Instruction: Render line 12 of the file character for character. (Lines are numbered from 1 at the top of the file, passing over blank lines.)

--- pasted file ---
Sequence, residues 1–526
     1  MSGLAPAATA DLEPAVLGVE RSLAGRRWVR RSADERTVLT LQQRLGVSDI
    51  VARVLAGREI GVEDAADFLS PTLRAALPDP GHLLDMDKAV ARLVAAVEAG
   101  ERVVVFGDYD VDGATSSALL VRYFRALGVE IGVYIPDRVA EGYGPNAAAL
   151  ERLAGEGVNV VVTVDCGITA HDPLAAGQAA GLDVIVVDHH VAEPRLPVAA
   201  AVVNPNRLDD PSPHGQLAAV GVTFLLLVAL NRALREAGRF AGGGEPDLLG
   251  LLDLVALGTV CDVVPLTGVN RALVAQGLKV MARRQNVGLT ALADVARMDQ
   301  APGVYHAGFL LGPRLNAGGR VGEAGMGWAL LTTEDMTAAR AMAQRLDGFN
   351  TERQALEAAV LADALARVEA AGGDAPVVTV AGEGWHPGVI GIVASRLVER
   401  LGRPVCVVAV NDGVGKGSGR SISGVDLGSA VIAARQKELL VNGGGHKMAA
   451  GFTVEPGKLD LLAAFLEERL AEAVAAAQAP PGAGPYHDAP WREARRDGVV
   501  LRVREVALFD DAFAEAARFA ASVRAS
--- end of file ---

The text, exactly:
   501  LRVREVALFD DAFAEAARFA ASVRAS